As Kwasi Kwarteng stepped out to muted applause in his first conference as Chancellor, he must have stopped to wonder if it would be his last.
Because make no mistake, that is a real possibility, with not just his job at risk but the Conservative party as a whole.
Just hours before his set piece speech at the Conservative Party conference in Birmingham, Mr Kwarteng had abandoned his plan to scrap the 45p income tax rate for people earning more than £150,000.
Speaking to MPs ahead of it, they had welcomed the U-turn, but also made clear they had little confidence in both him and the leadership as a whole.
One told me: “I’m actually feeling much better about things now, I am feeling more optimistic.
“But I’m obviously not happy about there being so many idiots in Government, I just have to hope we’ve hit the low point”.
Another, who had supported Rishi Sunak in the leadership election, told me the party was “dead” and it was just a matter of when it realised it.
They explained: “I don’t feel good about basically anything to do with us now.”
Others were more optimistic, but explained they still weren’t happy, stressing the damage had already been done.
“I’m very happy, it should not have got to this point, but they’ve listened and we move on,” said one.
This has been the recurrent theme of conference, MPs, staffers and advisers lamenting the state of the party, and talking about the end of Ms Truss as a matter of “when not if”.
That is the ones who turned up anyway, with multiple MPs telling me they weren’t coming to conference.
One explained: “I had a feeling it was going to be horrible, so I thought it best to stay away.”
It is noteworthy that this included those who supported Ms Truss, with the mood in the party something I’ve never experienced before.
At the last two Tory conferences, the mood was buoyant, either over the historic election win under Boris Johnson, or Brexit being finally done.
This year many have simply not come, everything feels flat, and members can be heard loudly asking each other if they’ll even be in Government to deliver any policy announced.
On Sunday the Prime Minister had insisted the 45p income tax rate cut would go ahead, the Tory Chairman Jake Berry had threatened to oust MPs who voted against it, and a trail from Mr Kwarteng’s speech insisted it was “the right plan”.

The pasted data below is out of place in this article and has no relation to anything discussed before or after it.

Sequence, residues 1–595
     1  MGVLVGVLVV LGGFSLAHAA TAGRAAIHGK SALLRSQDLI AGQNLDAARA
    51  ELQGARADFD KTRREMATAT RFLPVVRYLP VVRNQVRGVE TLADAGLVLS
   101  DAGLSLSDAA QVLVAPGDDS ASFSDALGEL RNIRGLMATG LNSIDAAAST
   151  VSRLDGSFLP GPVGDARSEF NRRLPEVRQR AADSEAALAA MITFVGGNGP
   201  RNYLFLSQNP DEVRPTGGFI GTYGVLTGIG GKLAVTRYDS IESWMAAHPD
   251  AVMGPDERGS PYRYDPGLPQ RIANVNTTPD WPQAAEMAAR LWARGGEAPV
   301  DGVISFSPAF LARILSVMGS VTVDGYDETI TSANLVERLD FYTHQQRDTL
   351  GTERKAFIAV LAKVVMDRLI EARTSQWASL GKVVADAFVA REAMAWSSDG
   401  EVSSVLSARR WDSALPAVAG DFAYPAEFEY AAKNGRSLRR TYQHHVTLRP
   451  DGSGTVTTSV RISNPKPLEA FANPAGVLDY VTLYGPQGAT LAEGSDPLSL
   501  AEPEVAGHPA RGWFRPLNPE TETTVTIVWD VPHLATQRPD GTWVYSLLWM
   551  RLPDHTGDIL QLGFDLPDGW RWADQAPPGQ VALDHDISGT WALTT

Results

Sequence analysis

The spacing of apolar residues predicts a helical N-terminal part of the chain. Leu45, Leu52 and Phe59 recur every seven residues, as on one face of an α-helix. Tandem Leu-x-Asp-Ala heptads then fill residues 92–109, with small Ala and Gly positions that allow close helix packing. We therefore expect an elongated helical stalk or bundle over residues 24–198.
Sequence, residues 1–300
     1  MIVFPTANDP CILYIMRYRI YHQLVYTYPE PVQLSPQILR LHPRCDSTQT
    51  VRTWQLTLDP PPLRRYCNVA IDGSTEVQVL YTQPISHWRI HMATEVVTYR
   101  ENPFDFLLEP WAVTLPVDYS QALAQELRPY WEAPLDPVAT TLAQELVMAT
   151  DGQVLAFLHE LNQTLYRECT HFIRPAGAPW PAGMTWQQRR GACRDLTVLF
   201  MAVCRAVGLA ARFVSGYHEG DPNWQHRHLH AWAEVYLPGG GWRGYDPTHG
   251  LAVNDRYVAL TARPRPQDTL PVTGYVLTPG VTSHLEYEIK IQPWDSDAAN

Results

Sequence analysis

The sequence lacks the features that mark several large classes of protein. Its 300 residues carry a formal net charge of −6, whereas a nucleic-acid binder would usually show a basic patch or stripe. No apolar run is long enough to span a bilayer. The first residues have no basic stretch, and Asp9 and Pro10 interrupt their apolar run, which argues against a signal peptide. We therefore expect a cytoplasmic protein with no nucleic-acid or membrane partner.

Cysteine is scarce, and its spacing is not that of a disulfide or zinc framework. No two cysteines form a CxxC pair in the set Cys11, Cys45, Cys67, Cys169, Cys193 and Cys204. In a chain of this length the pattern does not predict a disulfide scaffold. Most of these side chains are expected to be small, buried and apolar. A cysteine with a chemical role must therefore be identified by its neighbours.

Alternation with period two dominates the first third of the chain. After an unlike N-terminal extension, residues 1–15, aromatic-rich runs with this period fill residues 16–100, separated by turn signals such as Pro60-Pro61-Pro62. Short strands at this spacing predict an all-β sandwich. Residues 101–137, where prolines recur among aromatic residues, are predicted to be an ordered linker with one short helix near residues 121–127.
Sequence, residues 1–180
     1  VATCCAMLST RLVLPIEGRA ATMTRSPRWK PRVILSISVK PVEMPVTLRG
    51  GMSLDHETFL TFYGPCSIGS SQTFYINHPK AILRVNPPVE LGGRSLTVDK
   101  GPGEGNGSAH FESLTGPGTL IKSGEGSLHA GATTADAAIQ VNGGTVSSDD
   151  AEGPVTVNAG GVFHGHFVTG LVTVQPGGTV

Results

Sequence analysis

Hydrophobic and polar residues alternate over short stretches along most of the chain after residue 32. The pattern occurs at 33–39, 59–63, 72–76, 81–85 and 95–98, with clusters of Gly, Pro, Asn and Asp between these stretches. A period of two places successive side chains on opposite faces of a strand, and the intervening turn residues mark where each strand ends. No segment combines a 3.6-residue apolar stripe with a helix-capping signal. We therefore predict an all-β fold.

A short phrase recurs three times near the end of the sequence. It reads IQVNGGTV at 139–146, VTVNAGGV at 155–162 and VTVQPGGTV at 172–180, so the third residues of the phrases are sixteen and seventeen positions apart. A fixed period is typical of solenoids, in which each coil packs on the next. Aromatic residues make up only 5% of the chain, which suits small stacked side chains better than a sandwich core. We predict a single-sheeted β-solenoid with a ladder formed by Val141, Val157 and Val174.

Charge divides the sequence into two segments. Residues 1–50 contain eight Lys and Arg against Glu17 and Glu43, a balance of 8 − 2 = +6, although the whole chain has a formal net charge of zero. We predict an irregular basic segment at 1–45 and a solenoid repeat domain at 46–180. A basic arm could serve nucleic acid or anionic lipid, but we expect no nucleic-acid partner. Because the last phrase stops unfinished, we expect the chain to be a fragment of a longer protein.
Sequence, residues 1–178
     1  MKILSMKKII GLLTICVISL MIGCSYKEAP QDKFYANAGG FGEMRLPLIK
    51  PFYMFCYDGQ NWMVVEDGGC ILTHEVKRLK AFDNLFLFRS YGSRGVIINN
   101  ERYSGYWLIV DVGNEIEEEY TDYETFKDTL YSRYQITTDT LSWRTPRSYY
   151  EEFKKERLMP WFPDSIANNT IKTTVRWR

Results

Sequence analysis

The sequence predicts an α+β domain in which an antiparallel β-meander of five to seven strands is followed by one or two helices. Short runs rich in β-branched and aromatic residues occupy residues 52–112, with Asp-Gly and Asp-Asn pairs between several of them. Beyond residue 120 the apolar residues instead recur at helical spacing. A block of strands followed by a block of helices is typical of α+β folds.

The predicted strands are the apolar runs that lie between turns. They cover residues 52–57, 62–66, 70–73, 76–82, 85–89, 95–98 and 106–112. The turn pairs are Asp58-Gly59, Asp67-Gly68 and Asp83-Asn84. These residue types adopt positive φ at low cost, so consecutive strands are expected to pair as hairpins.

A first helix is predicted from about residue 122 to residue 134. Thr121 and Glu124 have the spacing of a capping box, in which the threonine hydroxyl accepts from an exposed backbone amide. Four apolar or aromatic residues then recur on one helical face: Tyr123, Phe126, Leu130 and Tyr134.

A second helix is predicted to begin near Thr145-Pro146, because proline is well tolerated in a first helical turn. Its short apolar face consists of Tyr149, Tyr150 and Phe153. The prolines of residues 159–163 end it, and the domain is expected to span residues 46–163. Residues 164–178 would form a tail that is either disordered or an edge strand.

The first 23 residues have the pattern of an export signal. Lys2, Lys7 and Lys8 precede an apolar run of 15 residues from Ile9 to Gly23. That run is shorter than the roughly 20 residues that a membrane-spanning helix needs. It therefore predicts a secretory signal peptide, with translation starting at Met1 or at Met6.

With this in mind, the pressure on Mr Kwarteng was immense, with the Chancellor needing to deliver a big speech just hours after announcing an even bigger U-turn.
To make matters worse, this was not a plan leaked out, but one announced already and relentlessly defended.
MPs had told me they hoped for an explanation of the decision, a reasoning for the U-turn beyond it being a “distraction”, and something to take back control of the narrative.
Yet watching it in the conference centre in Birmingham, there was almost disbelief at the length of his speech, which clocked in at under 20 minutes.
Addressing the audience in Birmingham he acknowledged it had been a “tough” day and promised there would be no more distractions.
But he also failed to deliver any reassurance to those having mortgage deals withdrawn, dismissing the market chaos as a “little turbulence”.
He said: “It has been tough but we need to focus on the job in hand.
“We need to move forward, no more distractions, we have a plan and we need to get on and deliver it.”
Members had expected more policy or contrition, but instead got a speech light on both.
One MP text: “Was that it?”.
Activists within the party were more scathing, saying they were “expecting more” and things were “well past crisis mode”.
This came after a morning in which he had angrily dismissed criticism during an interview on the Today programme, saying “I’m telling you and I don’t think you’re listening”.
Downing Street said Prime Minister Liz Truss – who was in the audience for the speech – continues to have confidence in Mr Kwarteng, despite the humiliating decision to drop the tax cut.
Mr Kwarteng said he had “not at all” considered resigning despite scrapping a key part of the financial plans he set out on September 23.
But the knives are out, not just for the Chancellor, and it’s clear the blame game has already begun.
To make matters harder for the pair, they bypassed the cabinet with the initial announcement, and just made the decision themselves.
This puts the pressure more on them, with the Treasury and Independent Office for Budget Responsibility also bypassed.
Ms Truss will now deliver her own conference speech tomorrow morning, hoping to seize back control of the narrative.
This should be her honeymoon period, but letters are already going in to Graham Brady, and ministers are dropping out of events all over conference.
Even Nadine Dorries, who supported her leadership bid, is calling for a general election.
With MPs privately saying both will be gone by Christmas, the pair will need the speech of their lives to fix a problem of their own making.